Infants With Congenital Heart Defects Have Motor Impairment Risk

By Lisa Rapaport

November 19, 2020

(Reuters Health) - Infants born with congenital heart defects requiring open heart surgery have an increased risk of motor impairments throughout childhood and adolescence, a systematic review suggests.

Researchers examined data from 46 studies published between 1997 and 2019 that focused on fine or gross motor skills in children who had open heart surgery for congenital heart defects. Across all the studies, overall prevalence of motor impairments ranged from 12.3% to 68.6% and prevalence of severe motor impairments ranged from 0% to 60%.

"Prenatally and early in life, these children are at high-risk for recurring exposure to hypoxic-ischemic insults to the immature brain," said senior study author Marie Brossard-Racine, an assistant professor in the School of Physical and Occupational Therapy at McGill University in Montreal.

"The motor impairments observed in children with complex congenital heart defects are likely multifactorial, and the result of a combination of missing age-appropriate experiences and delayed underlying brain neurodevelopment," Brossard-Racine said by email.

Among toddlers 1 to 3 years old, overall prevalence of motor impairments ranged from 12.3% to 59% and prevalence of severe motor impairments ranged from 1.5% to 60%.

For children 3 to 6 years old, overall prevalence of motor impairments ranged from 32.4% to 68.6% and prevalence of severe motor impairments ranged from 7.7% to 28.6%.

For school-age kids from 6 to 13 years, overall prevalence of motor impairments ranged from 26.7% to 46.1% and prevalence of severe motor impairments ranged from 7.5% to 25.8%.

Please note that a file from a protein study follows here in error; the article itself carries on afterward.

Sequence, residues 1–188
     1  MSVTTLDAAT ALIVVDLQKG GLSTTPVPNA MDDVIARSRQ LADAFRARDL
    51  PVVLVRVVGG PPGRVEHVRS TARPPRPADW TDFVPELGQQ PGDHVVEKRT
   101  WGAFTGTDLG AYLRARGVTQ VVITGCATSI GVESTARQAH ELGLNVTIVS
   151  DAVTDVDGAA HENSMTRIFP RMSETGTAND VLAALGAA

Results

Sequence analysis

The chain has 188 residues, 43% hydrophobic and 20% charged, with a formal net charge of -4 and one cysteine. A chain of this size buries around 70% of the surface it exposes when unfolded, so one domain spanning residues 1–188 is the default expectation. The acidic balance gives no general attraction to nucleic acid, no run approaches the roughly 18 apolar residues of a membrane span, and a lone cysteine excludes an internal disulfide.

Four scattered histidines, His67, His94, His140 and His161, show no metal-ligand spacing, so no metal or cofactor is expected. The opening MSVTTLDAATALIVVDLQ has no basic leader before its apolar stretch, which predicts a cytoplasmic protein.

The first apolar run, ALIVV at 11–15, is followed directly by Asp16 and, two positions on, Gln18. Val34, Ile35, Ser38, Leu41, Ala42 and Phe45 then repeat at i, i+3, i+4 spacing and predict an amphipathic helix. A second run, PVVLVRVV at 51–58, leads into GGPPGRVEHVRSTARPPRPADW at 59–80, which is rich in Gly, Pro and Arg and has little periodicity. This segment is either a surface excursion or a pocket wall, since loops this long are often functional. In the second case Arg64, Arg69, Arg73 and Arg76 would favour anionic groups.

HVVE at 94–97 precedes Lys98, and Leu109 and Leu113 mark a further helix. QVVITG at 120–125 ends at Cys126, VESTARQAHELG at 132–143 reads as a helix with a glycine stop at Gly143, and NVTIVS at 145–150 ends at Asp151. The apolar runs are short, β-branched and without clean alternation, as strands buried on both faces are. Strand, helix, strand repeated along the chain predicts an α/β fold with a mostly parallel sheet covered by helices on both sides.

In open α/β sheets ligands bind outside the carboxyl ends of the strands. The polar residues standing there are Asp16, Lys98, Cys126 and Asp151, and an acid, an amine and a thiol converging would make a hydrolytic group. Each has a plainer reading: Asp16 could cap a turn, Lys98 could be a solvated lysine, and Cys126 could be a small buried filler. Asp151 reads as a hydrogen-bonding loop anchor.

Just one study looked at motor impairments in adolescence. This study found that for youth 13 to 19 years old, the overall prevalence of motor impairments was 42.4% and the prevalence of severe motor impairments was 18.2%.

When researchers looked at the magnitude of impairment, the effect size of differences in fine and gross motor skills between children with congenital heart defects and typically developing children ranged from -0.07 to 2.19, based on an analysis of 38 studies with this measurement.

The studies included in the analysis were done on five continents. A total of 16 studies (35%) were conducted in the U.S., while 7 (15%) were done in Canada, 6 (13%) were done in Germany, and 4 (9%) were done in Australia.

Children in the studies had various types of congenital heart defects including aortic arch obstruction, hypoplastic left heart syndrome or other forms of single ventricle defects, total anomalous pulmonary venous connection, transposition of the great arteries, and ventricular septal defect.

There were 14 studies (30%) included in the analysis that appeared to have a low risk of bias based on several criteria, such as performance bias and attrition bias.

One limitation of the systematic review is the varied sampling and methodology in the smaller studies included in the analysis. In particular, different motor evaluation tools may have contributed to variation in the results, the study team notes in Pediatrics.

"Of course it is possible that a prolonged movement restriction and, more so, severe illness itself can lead to a delay in motor activity and milestones, but this is usually temporary and children without any brain alteration will catch-up this delay very quickly," said Dr. Beatrice Latal, a professor at the Child Development Center at University Children's Hospital Zurich in Switzerland who wasn't involved in the study.

Children with a complex heart disease requiring cardiac surgery should be followed by a specialized multidisciplinary team as part of a follow-up program to ensure early detection of developmental impairments, timely therapeutic interventions, and parental counseling, Dr. Latal said by email.

"If this is not in place, health care providers need to carefully monitor the developmental progress of a child who underwent cardiac surgery and should refer her or him to a specialist for detailed developmental assessment and start of therapies if indicated," Dr. Latal advised.

SOURCE: https://bit.ly/38YKrnl Pediatrics, online November 18, 2020.

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